Lessons from the Pros


Sniffing The Zones

This week, I have to give credit to one of my students from the Philadelphia office, Ed O’Neil. Ed came up with a phrase that best describes a phenomenon that occurs often in the markets. In the class, we had identified many excellent trading opportunities based on the Online Trading Academy core strategy. The problem was that as we waited for entry, price would often come within a penny or two from entry before bouncing from the supply or demand zone. Since our limit entry orders were placed at the proximal line of the zone, we were unable to enter the trades.

Ed said that price appeared to be “sniffing the zones,” and the phrase was born. It did indeed seem as though the price was teasing the level before turning just short of it. We decided to explore this more as it happened repeatedly when we were waiting for an entry at a high quality zone. When looking at the broad market indexes or even the ETF’s that track them, you will often see price turn just shy of a supply or demand zone. In my article, “Watching the Markets,” I discussed the technique of following the leader when it comes to the indexes. When the leader hit a supply or demand zone and turned it would often cause the lagging indexes to change direction at the same time, whether or not they too were at a zone. This explains why price may “sniff the zone” on an index or index ETF.

So why would individual stocks also experience this? Well the majority of stock will follow the price direction of the broader market index. If the index reverses at a supply or demand zone, it can also cause stocks to change direction at the same time. But this may not explain all of the “sniffing” incidents. When we are identifying trading opportunities, we look at past price for the origins of a strong move in price. We do this to trade in the same manner that the professionals do. When price returns to this level of strong demand or supply, we will enter our trade. In the case of a demand zone, there is a lack of selling pressure as we approach the strong wall of buy orders. If the sellers have completely disappeared prior to price hitting the demand zone, prices may not hit the proximal line and instead turn just prior to the zone. This is price sniffing the zone.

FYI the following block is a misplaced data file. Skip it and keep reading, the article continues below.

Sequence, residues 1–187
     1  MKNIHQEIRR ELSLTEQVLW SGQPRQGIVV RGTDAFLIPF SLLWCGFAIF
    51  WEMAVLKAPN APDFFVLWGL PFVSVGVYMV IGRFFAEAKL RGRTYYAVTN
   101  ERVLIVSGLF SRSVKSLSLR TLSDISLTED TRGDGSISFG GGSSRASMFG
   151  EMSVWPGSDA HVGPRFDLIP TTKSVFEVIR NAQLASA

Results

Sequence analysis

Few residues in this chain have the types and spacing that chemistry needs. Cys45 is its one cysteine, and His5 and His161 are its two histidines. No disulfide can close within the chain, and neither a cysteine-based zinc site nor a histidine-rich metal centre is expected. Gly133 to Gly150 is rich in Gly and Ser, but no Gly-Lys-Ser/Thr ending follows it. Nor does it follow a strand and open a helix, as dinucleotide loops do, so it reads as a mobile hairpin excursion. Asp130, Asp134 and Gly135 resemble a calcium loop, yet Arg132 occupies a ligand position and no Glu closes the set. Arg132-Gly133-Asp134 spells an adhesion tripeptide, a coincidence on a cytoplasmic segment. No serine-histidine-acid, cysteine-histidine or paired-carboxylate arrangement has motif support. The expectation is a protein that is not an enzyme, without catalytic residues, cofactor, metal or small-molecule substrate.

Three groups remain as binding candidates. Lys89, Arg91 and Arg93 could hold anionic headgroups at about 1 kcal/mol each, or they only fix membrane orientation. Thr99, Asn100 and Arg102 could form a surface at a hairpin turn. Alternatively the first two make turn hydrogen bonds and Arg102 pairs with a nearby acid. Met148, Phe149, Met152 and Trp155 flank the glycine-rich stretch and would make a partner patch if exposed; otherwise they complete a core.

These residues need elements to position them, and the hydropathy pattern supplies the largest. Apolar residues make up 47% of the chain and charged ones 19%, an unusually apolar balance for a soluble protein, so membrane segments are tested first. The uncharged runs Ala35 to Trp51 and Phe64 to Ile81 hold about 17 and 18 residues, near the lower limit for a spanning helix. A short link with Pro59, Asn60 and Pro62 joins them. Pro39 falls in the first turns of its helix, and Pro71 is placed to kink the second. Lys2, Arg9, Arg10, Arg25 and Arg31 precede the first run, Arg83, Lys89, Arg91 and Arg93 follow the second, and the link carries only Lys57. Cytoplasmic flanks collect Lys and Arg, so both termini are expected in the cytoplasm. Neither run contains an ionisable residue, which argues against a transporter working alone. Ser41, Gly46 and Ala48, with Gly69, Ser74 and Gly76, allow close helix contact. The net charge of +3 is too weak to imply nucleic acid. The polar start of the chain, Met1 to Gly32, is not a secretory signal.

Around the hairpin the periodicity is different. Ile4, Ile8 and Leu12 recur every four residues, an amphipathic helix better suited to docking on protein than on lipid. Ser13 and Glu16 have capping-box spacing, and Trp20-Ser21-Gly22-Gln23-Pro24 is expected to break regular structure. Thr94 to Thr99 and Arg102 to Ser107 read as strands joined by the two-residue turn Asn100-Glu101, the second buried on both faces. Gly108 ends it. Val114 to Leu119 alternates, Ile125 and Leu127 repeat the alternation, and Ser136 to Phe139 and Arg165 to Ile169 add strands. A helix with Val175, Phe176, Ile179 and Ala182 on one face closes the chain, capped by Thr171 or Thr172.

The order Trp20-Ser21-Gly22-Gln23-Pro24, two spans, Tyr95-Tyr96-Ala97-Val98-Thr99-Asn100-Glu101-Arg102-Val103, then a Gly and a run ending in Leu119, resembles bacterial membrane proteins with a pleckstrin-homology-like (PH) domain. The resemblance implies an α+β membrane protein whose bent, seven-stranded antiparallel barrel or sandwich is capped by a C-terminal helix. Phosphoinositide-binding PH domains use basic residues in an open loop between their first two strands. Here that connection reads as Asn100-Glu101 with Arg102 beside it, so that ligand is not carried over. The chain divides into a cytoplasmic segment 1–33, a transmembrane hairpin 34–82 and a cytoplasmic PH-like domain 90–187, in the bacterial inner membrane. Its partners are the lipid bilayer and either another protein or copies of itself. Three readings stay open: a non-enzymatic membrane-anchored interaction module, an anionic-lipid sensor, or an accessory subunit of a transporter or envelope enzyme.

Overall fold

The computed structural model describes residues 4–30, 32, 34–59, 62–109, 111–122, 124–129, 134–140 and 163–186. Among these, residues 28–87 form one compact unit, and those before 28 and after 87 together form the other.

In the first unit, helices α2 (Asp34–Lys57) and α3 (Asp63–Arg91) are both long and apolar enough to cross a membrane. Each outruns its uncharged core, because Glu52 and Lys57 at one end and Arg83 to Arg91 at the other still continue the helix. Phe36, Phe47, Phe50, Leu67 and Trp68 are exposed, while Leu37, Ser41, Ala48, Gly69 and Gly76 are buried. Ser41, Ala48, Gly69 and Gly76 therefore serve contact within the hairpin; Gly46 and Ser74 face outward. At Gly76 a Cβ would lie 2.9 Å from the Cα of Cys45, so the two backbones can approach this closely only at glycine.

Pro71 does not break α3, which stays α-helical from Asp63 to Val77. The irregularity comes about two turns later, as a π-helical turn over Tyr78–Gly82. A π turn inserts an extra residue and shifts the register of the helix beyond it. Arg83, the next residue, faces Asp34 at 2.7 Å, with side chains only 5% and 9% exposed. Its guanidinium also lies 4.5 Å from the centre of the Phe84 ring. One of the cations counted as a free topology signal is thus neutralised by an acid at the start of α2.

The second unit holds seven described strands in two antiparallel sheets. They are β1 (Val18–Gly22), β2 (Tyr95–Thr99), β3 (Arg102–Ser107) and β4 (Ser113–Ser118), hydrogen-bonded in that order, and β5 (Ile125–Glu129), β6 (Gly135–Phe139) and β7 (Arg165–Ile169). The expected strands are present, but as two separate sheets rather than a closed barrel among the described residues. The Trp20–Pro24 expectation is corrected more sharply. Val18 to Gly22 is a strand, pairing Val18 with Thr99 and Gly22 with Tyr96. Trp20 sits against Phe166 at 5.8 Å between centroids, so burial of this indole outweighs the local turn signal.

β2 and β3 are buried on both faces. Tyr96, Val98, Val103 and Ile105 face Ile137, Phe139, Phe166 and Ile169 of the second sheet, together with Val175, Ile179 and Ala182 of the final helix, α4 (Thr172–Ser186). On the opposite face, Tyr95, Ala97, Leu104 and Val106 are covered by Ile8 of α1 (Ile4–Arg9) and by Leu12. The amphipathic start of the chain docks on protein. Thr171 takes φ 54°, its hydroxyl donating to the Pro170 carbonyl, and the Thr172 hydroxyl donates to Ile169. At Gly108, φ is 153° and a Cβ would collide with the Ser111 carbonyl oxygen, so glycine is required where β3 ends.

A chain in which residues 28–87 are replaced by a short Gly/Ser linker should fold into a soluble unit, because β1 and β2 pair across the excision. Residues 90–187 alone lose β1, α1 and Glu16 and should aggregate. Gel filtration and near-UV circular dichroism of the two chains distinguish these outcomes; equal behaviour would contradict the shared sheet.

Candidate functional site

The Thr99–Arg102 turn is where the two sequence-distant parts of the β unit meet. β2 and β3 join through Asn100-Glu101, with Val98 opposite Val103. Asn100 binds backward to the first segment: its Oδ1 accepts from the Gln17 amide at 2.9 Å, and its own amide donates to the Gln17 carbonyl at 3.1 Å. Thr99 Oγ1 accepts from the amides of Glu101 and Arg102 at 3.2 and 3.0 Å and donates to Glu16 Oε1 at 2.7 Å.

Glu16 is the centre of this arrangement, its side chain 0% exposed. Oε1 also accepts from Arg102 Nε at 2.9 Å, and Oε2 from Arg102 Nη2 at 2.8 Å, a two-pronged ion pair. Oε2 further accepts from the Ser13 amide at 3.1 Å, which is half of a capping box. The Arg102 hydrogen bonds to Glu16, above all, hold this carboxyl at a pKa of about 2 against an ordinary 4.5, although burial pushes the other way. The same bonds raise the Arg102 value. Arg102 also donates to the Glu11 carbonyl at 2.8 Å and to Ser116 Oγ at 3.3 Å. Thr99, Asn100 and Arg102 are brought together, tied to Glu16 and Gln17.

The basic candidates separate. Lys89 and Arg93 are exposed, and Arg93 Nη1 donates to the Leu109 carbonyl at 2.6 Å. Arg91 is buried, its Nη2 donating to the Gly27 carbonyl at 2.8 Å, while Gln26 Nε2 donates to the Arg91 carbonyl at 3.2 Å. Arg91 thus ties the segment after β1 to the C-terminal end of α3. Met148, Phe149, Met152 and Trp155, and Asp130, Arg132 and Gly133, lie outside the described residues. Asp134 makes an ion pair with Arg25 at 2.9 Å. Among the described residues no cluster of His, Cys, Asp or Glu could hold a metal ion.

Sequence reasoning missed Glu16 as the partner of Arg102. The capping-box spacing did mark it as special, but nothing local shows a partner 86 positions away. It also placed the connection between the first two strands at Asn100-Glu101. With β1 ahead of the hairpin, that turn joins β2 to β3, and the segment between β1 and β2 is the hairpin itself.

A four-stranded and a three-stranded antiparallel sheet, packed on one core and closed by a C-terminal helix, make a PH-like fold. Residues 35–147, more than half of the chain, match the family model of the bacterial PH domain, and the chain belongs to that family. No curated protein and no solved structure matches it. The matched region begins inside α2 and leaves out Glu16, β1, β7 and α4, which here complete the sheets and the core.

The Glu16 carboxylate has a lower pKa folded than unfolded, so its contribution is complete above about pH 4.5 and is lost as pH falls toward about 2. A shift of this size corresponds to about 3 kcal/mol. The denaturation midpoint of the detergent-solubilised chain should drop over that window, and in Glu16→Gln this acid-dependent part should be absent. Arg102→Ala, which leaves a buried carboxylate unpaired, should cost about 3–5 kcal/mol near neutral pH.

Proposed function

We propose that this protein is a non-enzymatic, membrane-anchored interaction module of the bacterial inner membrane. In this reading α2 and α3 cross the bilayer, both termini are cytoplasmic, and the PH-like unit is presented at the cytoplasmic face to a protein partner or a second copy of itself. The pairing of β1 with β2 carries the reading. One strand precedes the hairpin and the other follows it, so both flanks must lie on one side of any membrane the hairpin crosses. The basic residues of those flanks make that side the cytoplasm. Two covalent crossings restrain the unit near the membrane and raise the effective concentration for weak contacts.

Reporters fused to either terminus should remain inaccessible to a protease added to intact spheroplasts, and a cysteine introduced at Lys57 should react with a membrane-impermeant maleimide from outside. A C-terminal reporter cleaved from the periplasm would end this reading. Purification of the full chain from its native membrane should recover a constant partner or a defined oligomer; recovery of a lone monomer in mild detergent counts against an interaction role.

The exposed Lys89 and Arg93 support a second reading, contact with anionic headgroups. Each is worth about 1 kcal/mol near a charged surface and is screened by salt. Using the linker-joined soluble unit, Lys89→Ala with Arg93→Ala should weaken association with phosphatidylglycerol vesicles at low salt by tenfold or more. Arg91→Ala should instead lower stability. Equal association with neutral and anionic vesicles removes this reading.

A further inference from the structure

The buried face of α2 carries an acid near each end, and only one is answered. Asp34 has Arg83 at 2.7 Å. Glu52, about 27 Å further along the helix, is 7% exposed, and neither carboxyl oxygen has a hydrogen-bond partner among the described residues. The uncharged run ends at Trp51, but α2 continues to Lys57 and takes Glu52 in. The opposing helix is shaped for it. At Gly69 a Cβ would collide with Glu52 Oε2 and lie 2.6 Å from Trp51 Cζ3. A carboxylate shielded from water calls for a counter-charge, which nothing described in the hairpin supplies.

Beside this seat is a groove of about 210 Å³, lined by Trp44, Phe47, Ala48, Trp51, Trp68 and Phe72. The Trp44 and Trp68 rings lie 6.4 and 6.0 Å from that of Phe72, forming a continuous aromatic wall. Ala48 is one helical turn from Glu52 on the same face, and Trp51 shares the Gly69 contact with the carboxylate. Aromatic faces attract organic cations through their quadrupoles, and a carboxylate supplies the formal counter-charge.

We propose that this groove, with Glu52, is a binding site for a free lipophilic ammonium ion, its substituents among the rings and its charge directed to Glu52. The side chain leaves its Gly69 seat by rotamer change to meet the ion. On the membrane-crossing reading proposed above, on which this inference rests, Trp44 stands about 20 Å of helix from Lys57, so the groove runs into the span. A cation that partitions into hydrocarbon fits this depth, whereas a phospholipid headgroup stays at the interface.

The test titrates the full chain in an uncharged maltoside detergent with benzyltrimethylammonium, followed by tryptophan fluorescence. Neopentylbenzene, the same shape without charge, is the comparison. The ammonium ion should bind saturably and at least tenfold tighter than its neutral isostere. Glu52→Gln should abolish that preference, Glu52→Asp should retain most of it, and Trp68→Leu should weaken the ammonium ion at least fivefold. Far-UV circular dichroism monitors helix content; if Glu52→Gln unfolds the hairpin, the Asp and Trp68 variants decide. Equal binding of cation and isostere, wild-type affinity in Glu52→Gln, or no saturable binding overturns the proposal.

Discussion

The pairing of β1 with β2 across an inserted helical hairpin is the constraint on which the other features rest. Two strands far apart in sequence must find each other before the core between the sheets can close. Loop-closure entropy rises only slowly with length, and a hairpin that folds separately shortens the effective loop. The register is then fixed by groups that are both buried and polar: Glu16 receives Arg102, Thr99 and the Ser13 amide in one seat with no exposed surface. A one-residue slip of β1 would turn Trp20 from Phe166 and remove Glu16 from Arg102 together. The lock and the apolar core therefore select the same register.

You are likely wondering how you should deal with this zone sniffing. If you are watching the leading index but trading a laggard, you may want to place your entry or exit order just in front of the zones to increase your chances of betting into your trade. When you are trading an individual stock, watching the broad market index or sector leader may give you a clue on when you have to enter more aggressively. On any individual position, you take, you should be rating your trade based on a set of objective criteria. In the Extended Learning Track, our students learn these “Odds Enhancers” and are even provided with a worksheet to rate their trade. When there is an extremely high rating, the supply or demand level is very strong. Instead of entering with a limit order at the zone, you may be better off entering just in front of the zone to increase your chances of entering the trade. This will increase your risk as well since you are entering further from your stop. If you have found a great trade with a good risk to reward ratio, this minor adjustment should not hurt you.

In trading, we always want to be looking for a low risk, high profit, and high probability trade. Compensating for price “sniffing the zone” may be what your are missing to increase your probabilities for success.

DISCLAIMER This newsletter is written for educational purposes only. By no means do any of its contents recommend, advocate or urge the buying, selling or holding of any financial instrument whatsoever. Trading and Investing involves high levels of risk. The author expresses personal opinions and will not assume any responsibility whatsoever for the actions of the reader. The author may or may not have positions in Financial Instruments discussed in this newsletter. Future results can be dramatically different from the opinions expressed herein. Past performance does not guarantee future results. Reprints allowed for private reading only, for all else, please obtain permission.